Evolved vs. devolved?  I dunno.  I kinda see running a label in our fragile music ecosystem like child-rearing…I don’t know that there’s a right way to do it (if there is, I haven’t found it), but you know right away when something feels wrong.  Specifically regarding streaming, my opinions are strong/loud.  First, I want to be clear that I have zero issue with streaming.  I love streaming music and being able to share tracks and add to playlists and all of that.  What I do have a huge fucking problem with is everyone’s sense of entitlement to instant AND free AND across all platforms.  Because of this, we hold off on pushing content to the major streaming sites until 6 months after the release.  I actually had initially set it at 12 months and then flexed to 9 months and have again recently shifted to 6 months.  We do this so that buyers can have the excitement of showing the music to people and feel like their commitment to the music is reciprocated.  There’s a relationship there and I don’t want to cheapen it.  This is not at all to say that anyone else’s method is wrong or harmful.  I’m just running BCR in a way that I think is helpful to the industry and in a way that I think is respectful to the art and in a way that honors the customers who support.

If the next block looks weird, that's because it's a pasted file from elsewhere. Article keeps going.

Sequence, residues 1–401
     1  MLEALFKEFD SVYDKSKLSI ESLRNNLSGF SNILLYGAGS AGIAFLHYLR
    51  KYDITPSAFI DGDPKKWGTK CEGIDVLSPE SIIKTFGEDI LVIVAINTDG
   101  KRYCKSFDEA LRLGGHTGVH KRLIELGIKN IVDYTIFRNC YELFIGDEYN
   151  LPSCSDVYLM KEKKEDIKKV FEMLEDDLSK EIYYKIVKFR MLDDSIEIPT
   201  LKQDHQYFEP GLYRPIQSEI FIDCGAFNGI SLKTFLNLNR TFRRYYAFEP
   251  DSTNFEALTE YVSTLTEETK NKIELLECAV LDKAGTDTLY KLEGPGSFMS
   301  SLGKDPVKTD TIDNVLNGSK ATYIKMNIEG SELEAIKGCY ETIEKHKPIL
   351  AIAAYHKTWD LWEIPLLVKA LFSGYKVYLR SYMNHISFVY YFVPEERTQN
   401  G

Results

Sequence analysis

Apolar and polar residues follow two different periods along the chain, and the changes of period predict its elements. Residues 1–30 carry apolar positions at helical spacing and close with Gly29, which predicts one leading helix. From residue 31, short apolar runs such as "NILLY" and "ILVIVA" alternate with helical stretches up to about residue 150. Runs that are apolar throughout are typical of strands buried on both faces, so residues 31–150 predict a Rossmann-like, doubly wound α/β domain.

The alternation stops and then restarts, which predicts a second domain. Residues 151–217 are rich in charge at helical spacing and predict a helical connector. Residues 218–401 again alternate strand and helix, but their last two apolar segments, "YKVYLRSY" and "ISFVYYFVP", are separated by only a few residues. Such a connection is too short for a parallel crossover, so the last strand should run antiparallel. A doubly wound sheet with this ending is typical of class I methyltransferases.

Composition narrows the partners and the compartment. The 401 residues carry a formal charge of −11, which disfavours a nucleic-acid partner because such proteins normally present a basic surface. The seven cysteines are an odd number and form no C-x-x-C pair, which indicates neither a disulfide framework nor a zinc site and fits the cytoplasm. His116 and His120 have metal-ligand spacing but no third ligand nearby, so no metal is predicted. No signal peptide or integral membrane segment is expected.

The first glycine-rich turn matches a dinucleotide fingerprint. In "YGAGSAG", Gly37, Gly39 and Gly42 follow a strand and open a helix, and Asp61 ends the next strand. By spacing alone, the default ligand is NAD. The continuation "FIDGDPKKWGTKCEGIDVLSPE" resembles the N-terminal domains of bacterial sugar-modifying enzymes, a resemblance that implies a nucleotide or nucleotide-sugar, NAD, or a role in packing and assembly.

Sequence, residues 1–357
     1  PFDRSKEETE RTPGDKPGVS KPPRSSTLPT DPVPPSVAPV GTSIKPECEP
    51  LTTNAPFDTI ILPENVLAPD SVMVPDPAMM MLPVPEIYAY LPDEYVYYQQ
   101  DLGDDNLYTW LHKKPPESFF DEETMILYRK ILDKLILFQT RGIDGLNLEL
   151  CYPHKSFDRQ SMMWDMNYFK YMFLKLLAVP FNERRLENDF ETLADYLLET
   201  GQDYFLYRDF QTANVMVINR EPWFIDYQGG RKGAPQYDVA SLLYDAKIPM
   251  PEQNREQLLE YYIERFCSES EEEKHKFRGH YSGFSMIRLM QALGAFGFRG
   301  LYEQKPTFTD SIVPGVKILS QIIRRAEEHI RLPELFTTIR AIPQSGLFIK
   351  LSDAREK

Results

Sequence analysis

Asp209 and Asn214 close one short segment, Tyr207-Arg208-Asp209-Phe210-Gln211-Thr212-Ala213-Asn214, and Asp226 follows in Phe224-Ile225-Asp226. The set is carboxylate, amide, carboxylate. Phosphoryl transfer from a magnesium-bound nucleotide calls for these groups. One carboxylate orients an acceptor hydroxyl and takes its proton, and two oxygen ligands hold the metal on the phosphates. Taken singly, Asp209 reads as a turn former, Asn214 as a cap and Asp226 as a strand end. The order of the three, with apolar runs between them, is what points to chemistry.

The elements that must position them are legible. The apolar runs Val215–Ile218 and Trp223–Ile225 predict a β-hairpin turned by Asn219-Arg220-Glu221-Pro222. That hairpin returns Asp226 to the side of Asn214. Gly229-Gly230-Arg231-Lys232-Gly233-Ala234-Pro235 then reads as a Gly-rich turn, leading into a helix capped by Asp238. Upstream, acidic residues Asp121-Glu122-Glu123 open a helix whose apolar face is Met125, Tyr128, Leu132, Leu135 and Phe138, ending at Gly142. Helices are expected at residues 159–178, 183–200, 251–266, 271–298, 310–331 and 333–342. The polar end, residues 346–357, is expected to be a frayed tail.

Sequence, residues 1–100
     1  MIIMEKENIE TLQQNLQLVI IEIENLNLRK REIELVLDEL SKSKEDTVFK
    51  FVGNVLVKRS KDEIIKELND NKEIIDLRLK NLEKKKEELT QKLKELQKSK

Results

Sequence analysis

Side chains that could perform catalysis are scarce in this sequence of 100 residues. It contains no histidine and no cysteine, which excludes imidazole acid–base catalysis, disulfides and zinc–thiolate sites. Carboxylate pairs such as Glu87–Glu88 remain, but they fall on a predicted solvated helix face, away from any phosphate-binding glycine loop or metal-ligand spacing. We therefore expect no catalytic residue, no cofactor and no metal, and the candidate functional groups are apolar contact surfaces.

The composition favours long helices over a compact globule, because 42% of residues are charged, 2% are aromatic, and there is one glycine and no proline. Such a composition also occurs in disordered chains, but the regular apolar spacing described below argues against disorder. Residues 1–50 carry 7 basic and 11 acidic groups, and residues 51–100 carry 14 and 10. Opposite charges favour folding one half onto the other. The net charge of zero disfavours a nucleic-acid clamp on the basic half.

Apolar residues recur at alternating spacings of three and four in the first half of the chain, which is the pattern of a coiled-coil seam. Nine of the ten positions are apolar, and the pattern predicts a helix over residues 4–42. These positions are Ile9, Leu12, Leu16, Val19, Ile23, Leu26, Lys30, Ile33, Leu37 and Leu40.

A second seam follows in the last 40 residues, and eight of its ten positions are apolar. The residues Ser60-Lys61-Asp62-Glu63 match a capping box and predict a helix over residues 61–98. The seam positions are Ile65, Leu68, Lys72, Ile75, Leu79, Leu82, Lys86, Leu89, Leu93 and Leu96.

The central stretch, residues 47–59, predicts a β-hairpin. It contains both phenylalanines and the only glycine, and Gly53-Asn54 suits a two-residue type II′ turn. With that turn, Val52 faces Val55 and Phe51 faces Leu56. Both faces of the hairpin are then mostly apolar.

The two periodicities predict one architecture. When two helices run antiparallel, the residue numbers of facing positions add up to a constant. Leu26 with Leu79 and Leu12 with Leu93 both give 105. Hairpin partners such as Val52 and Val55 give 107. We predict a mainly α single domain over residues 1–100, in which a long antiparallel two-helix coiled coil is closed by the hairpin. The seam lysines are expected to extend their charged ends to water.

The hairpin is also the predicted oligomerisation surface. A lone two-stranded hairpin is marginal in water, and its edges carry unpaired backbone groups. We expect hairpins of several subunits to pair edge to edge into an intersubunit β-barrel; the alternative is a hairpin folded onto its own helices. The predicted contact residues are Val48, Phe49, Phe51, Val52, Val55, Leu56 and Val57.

Who are the most inspirational artists around these days in your opinion?